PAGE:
I’ve found myself asking a lot of questions over the last few days and weeks. As we have started looking for jobs and a new place to call home I’ve been asking God and asking myself what I should pursue and what things are important in choosing a new location. I’ve also been asking a lot of questions about God and about faith. My small group discussed hell at our last meeting (just, you know, your typical casual Friday night conversation) and it raised so many of the questions that I’ve been grappling with over the past several years about God’s goodness, his plan for creating the world, and why he allows so much of what happens here on earth. And as if it wasn’t hard enough to be trying to figure out all of my own great questions about life, a large part of my day job lately has been trying to answer other difficult questions on the level of a four-year-old. Here’s a sample of a few conversations I’ve had with Sami over the last several weeks.
Me (reading from the Illustrated Children’s Bible): And on the eighth day they took the baby to be circumcised and they gave him the name Jesus
*side note: why the heck would you feel the need to include that in the Illustrated Children’s Bible?!
Sami: What’s circum-skied?
Me: Ummm….it’s a special sign between God and his people?
Sami: Do I have it?
Me: Ummm…only boys had it (No, I am not even about to get into female circumcision)
Sami: Do they still get circumsigned?
Me: At the hospital when they are born
Sami: Does Dylan have it?
Sami (completely out of the blue): I am so glad that Abraham Lincoln helped the brown people. What did he help them do?
Sami: I would never drive my car to hell! (also out of the blue)
Me: Well, that’s good, but you know, hell’s not really somewhere you can drive to.
Sami: Well, where is it?
Me: It’s kind of like heaven because you can’t go there while you are still alive on earth. Only souls.
Sami: A long time ago they used to put people in boxes when they died and put them in the ground.
Me: Well, they still kind of do that
Sami: Will they do that to me when I die?
Me: Probably. But you won’t need your body anymore because you will be in heaven with Jesus so it won’t matter. (Talking quickly so she doesn’t freak out about being buried)
Sami: I’m just really worried about my friend Olivia
Sami: Because she moved to Bloomington…what if she dies there? She won’t be able to go to heaven.
Me: I’m pretty sure people who live in Bloomington can still go to heaven.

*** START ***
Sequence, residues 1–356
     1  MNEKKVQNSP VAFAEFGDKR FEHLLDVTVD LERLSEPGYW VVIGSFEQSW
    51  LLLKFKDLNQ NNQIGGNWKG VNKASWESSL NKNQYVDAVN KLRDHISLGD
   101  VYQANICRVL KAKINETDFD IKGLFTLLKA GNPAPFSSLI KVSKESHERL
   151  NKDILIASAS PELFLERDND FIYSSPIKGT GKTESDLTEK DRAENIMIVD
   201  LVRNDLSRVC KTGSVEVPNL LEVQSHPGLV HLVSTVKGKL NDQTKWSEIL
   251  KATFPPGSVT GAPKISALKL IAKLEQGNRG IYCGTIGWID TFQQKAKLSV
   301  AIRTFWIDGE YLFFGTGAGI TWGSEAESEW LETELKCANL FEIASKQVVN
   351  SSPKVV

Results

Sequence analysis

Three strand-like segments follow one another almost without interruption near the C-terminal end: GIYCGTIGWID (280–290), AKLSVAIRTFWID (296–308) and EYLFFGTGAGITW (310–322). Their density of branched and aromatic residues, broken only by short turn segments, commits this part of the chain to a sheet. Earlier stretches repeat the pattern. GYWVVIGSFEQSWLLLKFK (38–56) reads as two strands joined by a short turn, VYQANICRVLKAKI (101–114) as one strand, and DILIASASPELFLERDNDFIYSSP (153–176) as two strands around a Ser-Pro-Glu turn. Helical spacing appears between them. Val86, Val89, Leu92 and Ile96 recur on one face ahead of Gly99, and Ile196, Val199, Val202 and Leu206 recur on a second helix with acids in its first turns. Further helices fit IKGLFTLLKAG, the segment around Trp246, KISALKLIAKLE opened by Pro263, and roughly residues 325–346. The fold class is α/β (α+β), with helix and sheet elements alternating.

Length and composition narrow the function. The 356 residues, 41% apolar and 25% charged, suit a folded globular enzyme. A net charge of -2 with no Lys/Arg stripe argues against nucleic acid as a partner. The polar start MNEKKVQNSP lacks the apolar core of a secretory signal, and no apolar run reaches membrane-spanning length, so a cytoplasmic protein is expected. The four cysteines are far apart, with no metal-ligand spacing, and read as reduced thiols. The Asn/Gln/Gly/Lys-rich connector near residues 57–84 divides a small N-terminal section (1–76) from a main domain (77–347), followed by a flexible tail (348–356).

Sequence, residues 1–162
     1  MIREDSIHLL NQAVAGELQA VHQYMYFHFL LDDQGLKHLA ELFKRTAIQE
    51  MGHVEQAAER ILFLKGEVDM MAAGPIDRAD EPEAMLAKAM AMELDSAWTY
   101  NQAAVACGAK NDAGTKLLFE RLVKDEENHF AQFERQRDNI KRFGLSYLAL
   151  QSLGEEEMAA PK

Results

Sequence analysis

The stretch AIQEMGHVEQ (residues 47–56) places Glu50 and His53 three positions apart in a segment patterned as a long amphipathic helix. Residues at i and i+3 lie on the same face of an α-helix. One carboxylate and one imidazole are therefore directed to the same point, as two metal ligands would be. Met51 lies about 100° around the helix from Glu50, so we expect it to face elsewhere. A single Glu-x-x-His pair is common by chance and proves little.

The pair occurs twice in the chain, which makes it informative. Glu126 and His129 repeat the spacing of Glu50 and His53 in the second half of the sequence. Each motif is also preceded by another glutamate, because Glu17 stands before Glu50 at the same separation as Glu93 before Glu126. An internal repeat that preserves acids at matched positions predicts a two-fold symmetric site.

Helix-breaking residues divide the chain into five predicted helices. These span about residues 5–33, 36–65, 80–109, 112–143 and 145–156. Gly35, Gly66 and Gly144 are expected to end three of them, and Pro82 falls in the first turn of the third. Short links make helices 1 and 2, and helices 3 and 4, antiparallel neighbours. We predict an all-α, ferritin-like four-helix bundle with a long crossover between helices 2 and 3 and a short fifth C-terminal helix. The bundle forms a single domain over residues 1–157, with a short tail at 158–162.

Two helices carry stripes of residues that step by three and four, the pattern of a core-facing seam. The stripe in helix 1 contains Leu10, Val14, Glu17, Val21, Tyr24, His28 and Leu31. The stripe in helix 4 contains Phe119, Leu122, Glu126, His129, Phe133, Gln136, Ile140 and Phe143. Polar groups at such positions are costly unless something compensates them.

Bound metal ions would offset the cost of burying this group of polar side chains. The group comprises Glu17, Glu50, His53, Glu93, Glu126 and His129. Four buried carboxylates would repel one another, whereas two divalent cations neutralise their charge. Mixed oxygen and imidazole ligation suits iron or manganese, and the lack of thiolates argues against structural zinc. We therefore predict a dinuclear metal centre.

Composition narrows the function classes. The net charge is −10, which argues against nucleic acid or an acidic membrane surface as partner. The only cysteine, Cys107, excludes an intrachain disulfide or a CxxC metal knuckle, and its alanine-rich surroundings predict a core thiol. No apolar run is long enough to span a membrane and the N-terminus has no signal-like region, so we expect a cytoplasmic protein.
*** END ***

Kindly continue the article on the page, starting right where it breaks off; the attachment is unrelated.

Sami: Why did God make the bad people? (Perhaps there was a context for this one in her mind, but it was very unclear.)
Or, my personal favorite conversation:
Sami: How old are you?
Me: I am about to be 23. (This was right before my birthday a few months ago)
Sami: Maybe when you turn 23 you’ll get taller
Me: I don’t think so. I think I’m pretty much done growing taller.
Sami: That is so sad! Why would God do that?!
(Note: I am 5’3”. I’m no giant, but I’m definitely not the shortest woman she’s ever seen)
Me: I don’t know Sam. Maybe he just likes short ladies.
Most of the time, I just want to look at her and tell her honestly, “I really don’t know! Stop asking me questions!” But instead I do my best to think of an answer that is true to the best of my knowledge and is also on her comprehension level. (A challenge, believe me, because Sam is often not the quickest at connecting A to B.) It can be difficult (although admittedly hilarious) to try to answer these questions, especially since I am not her mother and I don’t want to explain anything to her in a way her parents wouldn’t agree with, but ultimately I think it’s important for her to ask questions. I think it is OK for her to want an explanation for things or to admit that she doesn’t understand something and to ask for help.
A few days ago my husband and I were discussing the failure of the evangelical church to communicate this very thing. I have never been to a church service (particularly the church I grew up in) where anyone expressed that it is ok to question scripture, doctrine, or even God himself. The general view seems to be that questioning is the opposite of faith and a very slippery slope towards losing your faith altogether. As a result the evangelical church has formulated pat answers to complex and difficult questions about faith, God and Christianity. (For example: “Why did God allow the incredible devastation of the earthquake in Japan?” “God is sovereign, so it must be a part of his bigger plan that we can’t see right now.” Technically true, but incredibly unsatisfying.) Frankly, I am of the opinion that if just asking some questions about Christianity were enough to make me lose my faith, perhaps it wasn’t worth having in the first place. On the other hand, choosing to ignore the questions does nothing except create shallow (or blind) faith.
I think asking God questions is as much a part of having a relationship with him as giving thanks and singing praise. I know that I can’t understand everything and there will never be a point at which everything makes sense to me. I am ok with that. But I am hopeful that if I keep asking the questions, God will answer me the way I try to answer Sami—giving me just enough for my comprehension level—but with infinite gentleness, patience, and compassion. “For everyone who asks receives; he who seeks finds; and to him who knocks, the door will be opened.” (Mt. 7:8) But you know what happens to those who don’t ask/seek/knock? They build themselves a little lean-to beside the mansion’s doors and then spend their lives convincing themselves that the house of sticks they built is the real thing.